Buddhism in the West and the Image of Tibet¹

Dagyab Kyabgön Rinpoche

I would like to investigate the genesis of the Western image of Tibet by first employing a historical sketch. Principally, we perceive the other in two fundamentally different ways: How is the other different from us, and how is the other similar to us? In each case, the other is subject to a value judgment. Europeans usually see in Tibet that which seems familiar to them—such as the apparent similarities between the religious customs of Tibet and the Catholic Church. On the other hand, Europeans judge the uniqueness of Tibet to lie either in its backwardness or in its manifestation of that which the West has lost. Until recently, Tibet’s geographical isolation meant that only small amounts of information about its culture reached Europe. Its seclusion lent the country an aura of mystery and magic. For this reason, Tibet offered itself as a screen upon which Western fantasies could be projected. The essential elements of the Western image of Tibet were already fully developed in the eighteenth century. In what follows, I would like to show that these stereotypes have been reiterated without change up to the present day. For example, the comparisons between Tibetan Buddhism and Catholicism and the fascination with the role of lamas in Tibetan society remain unchanged. The only thing that has changed is the associated value judgment.

The image of Tibet is embedded in a dualism of Asia and Europe. Europe defines itself as rational, enlightened, discursive, scientific, active, and democratic. In contrast, Asia is perceived as irrational, unenlightened, contemplative, and passive. Asia is emotional, and tolerant of paradox; it appears as a culture that has deteriorated into pantheism and mysticism. Politically, Asia is despotic; its sovereigns are absolute and its subjects without rights. Thus, the “rule of priests” in Tibet, embodied in the unique role of the lama within his own society, appears to Europeans as a medieval relic. Asians also appear to Europeans as ageless and withdrawn. This notion may cause anxiety in Europeans, who fear the disintegration of individual personality into an undifferentiated mass. This very dissolution into undifferentiated unity is, at the same time, a temptation, in that it often evokes a yearning for liberation from one’s own ego and for the lifting of the separation of the human and the divine, or of man and nature. The paradox that lies between defensiveness and yearning has subliminally determined the European image of Asia up to the present. So writes the German author Paul Cohen-Portheim in 1920:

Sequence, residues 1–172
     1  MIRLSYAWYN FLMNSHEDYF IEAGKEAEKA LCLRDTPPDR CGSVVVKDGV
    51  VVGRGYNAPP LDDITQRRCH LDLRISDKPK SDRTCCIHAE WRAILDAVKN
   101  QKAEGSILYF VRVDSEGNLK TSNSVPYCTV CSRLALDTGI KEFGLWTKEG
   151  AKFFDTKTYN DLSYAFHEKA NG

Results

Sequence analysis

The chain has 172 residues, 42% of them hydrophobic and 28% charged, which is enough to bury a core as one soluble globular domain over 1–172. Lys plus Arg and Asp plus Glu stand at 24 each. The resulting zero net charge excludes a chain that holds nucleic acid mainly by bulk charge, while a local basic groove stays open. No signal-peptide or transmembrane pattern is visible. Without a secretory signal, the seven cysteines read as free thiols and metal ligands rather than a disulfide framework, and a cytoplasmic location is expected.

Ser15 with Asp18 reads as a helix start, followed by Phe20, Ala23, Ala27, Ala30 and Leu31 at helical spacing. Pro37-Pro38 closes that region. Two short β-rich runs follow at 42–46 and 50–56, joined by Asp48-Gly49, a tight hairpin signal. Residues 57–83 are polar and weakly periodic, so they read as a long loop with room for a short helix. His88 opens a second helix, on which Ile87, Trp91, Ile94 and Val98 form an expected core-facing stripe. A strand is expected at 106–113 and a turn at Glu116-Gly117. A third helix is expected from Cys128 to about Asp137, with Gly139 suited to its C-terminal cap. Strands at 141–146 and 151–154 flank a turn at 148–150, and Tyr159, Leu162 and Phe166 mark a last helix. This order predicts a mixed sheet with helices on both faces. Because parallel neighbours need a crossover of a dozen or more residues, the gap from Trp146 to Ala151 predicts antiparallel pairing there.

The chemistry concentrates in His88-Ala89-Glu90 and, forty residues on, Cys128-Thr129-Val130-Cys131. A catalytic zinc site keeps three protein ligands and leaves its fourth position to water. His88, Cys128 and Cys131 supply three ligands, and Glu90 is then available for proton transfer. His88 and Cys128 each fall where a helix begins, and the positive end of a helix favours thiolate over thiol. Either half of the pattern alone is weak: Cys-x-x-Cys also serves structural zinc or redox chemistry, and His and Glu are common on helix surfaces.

The European ideal is one of action, individuation, and intellectualization. The West senses that man is separate from nature and is diametrically opposed to her … The spirit of the West is active, since it seeks out power … Passivity, universality, and intuition distinguish the East. There man does not feel himself separated from nature but instead feels himself as a part of nature … He does not seek power but rather harmony with all that lives. He wants to enter into nature, to offer himself to her, to become one with her. Hence I call the Easterner passive, and individualism strives against him.²

Very early testimony to the Western image of Tibet are the entries for “Tibet” and “lama” in Zeidler’s Universal Lexicon of 1744. This gigantic lexicon was the most important reference work in Germany until 1800. The information in these particular entries is based on the travel reports of the seventeenth century, when Western missionaries first arrived in Tibet. Among those missionaries were the Austrian Johannes Grueber (1660), several Italian Capuchins in the years 1707-33, and the Jesuit Ippolito Desideri (1716). As missionaries they all see Tibet primarily in terms of religion. In their reports we see clearly that they understood Tibetan religion only inasmuch as it was similar to their own Catholicism. Tibetans are thus said to believe in a trinity, in heaven and hell, and in exorcisms. Their believers employ rosaries, and their clergy rule the laity. The European missionaries see Tibetan religion not as something separate, but rather as a distortion of their own “culture.”

Europeans saw the worship of lamas, especially of the “great lama” (that is, the Dalai Lama) as idolatry. They considered the tulku system a fraud and believed the discovery of new incarnations a deception meant to ensure the lamas’ power. In the section about the Dalai Lama, Zeidler claimed: